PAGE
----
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The early warning system is an open source software interface which enables real-time bathing water quality assessment. The model is based on machine learning and/or statistical modelling and predicts bacterial concentration in specific river sections using a set of local data such as rainfall, river flow, temperature and water quality. The EWS will help to (1) manage bathing authorizations in urban bathing sites, (2) monitor the efficiency of the sanitation policy and (3) improve the real-time management of the sewer network and urban bathing sites.

Challenges

There is an increasing social demand from citizens to reduce environmental impacts in urban rivers and to benefit from urban bathing areas. Several cities like Berlin achieved excellent water quality levels for their urban rivers and propose swimming areas at the core of the city.

A major challenge regarding bathing water management is that concentrations of fecal bacteria may show spatial and temporal variability. In urban rivers, discharges from CSO and stormwater may contain high amounts of fecal bacteria and contaminate bathing water quality.

In many cases, even with sufficient water quality, bathing can be forbidden as current monitoring protocols are not sufficient to protect human health. Even modern rapid monitoring approaches, still need up to 12-14h before results are available and classical grab sampling does not allow to track pollution variability since events may occur between sampling intervals or cannot be collected for logistic reasons (e.g. events might happened at night or during weekends).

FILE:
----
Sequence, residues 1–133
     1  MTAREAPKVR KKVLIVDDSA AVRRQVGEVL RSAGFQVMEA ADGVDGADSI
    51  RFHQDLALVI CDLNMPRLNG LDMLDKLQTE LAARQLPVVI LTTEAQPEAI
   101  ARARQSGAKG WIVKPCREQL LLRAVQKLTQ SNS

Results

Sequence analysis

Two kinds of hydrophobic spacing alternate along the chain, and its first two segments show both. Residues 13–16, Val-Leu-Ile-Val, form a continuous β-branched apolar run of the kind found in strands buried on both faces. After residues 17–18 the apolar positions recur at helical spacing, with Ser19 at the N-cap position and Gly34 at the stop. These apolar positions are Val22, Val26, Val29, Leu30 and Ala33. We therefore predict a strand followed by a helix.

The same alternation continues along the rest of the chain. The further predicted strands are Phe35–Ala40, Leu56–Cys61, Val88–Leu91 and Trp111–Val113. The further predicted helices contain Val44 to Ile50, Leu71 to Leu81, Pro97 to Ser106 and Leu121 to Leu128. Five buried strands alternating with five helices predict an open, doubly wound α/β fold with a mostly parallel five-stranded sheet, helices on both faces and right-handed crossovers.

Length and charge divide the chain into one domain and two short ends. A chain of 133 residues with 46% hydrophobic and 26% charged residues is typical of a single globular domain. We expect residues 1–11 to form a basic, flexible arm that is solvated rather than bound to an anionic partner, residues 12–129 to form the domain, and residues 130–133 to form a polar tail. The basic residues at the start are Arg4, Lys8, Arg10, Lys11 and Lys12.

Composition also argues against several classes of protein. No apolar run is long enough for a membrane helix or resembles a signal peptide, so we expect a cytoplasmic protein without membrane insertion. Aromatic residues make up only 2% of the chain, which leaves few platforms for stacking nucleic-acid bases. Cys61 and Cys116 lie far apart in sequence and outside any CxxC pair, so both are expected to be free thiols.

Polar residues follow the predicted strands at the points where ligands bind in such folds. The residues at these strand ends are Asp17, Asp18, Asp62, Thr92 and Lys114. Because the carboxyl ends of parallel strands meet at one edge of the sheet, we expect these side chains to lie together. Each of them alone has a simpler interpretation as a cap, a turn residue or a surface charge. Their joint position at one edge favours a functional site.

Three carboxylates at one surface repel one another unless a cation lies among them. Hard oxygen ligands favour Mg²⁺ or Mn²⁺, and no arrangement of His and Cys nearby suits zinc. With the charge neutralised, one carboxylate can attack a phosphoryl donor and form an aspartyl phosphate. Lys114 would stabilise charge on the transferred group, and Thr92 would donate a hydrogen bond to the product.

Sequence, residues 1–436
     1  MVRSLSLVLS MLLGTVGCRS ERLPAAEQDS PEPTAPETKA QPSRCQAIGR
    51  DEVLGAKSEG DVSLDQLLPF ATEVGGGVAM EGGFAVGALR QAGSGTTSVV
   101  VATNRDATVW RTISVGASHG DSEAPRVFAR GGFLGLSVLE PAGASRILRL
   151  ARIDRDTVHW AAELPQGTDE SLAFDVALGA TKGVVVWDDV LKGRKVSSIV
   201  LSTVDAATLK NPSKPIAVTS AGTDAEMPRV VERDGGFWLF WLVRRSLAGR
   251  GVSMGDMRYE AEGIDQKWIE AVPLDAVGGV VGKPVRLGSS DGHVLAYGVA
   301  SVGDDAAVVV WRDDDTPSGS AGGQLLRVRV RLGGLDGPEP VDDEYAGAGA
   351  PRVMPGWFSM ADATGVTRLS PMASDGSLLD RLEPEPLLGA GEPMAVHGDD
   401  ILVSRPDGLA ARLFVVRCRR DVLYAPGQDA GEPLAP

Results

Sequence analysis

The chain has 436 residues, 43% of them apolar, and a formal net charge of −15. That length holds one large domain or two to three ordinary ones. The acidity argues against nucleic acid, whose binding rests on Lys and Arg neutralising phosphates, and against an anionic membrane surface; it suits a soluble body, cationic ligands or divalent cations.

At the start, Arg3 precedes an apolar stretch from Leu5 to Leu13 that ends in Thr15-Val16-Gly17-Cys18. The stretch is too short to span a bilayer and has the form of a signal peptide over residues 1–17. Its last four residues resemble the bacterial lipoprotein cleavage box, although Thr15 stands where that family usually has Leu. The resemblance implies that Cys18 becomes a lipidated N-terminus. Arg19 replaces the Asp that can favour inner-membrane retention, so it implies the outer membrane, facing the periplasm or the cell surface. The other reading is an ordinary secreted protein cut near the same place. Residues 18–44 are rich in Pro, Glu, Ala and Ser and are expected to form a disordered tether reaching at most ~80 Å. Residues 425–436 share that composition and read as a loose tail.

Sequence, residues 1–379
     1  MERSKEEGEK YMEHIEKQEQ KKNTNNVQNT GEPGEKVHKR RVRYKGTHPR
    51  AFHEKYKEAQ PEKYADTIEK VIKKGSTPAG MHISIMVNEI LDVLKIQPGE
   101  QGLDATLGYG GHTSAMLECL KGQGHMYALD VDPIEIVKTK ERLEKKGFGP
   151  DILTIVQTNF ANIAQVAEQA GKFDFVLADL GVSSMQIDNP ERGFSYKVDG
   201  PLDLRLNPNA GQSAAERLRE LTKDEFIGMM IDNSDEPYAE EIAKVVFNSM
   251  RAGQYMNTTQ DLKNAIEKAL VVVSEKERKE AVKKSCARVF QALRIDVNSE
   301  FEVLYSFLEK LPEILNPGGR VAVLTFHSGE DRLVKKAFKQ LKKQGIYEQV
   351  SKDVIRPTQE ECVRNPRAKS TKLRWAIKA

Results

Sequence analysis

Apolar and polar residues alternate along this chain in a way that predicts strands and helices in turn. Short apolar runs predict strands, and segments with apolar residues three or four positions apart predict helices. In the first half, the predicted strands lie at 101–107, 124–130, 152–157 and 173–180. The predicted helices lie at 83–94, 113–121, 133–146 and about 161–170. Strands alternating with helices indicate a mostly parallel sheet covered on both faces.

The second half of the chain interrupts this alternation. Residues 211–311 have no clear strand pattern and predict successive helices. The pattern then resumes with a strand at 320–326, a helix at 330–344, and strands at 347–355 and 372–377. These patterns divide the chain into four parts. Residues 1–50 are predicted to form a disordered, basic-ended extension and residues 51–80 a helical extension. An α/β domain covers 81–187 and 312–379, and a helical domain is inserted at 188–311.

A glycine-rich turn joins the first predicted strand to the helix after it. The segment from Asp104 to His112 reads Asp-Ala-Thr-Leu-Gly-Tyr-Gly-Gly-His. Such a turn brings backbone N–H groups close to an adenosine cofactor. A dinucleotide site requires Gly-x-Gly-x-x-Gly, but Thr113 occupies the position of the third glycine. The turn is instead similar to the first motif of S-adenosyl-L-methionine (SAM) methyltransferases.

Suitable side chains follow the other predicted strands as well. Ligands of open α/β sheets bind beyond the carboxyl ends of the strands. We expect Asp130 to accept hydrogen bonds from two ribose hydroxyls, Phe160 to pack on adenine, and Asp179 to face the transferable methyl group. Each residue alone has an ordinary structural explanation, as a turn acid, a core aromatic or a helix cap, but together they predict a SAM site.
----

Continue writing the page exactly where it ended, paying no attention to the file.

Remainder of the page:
Limitations of current practices

If bathing waters are subject to short-term pollution, the current European Bathing Water Directive (BWD Article 12(c)) explicitly demands the implementation of early warning systems in order to prevent bathers from being exposed to contaminated water. However, the BWD neither provides guidance on how to implement early warning systems in practice nor defines water quality alert thresholds.

Bathing water quality is assessed only in the long term by estimating parametric 90th and 95th percentiles based on the monitoring data of the previous four years. The lack of specified thresholds makes it difficult for the responsible authorities to justify and defend short-term decisions about closures of or warnings on bathing sites.

Innovation

The early warning system is based on an innovative probabilistic approach. The tool translates the current approach of long-term classification according to the European BWD to real-time management for early warning and allow to close a major gap in current European bathing water legislation. The availability of online water quality prediction significantly improves microbial safety and reduce the risk of contamination at bathing waters. It enables to establish bathing waters at challenging location, subject to short term pollution (e.g. urban agglomerations). It also allows to manage nothing authorization considering modelling uncertainty and strengthen bathing water profiles. The tool provides users with a free and user-friendly software to be easily implemented at new bathing waters. A mobile application is proposed to inform key decision makers and citizens of bathing water contamination risks.

City tests

The early warning system integrates two main innovations of DWC: an advanced machine learning model for robust early forecast of the water quality and real-time measurements of bacterial contamination (solution 1). The model will be deployed at selected sites over the urban stretches of the rivers Seine and Marne and coupled with SIAAP’s sewer system real-time control to allow the optimization of sewer management based on river water quality objectives.

It will provide information to communicate with the decision marker who will have to take the decision to close and open the bathing places in relation with the microbial pollution risk and public health issues and the general public who will be informed on the compliance of the water quality to bathing standards, or any other indicators relevant with that stake.

Contact solution

KWB – Wolfgang Seis : wolfgang.seis@kompetenz-wasser.de
SIAAP – Jean Pierre Tabuchi : Jean-Pierre.tabuchi@siaap.fr
SIAAP – Angelique Goffin : Angelique.GOFFIN@siaap.fr

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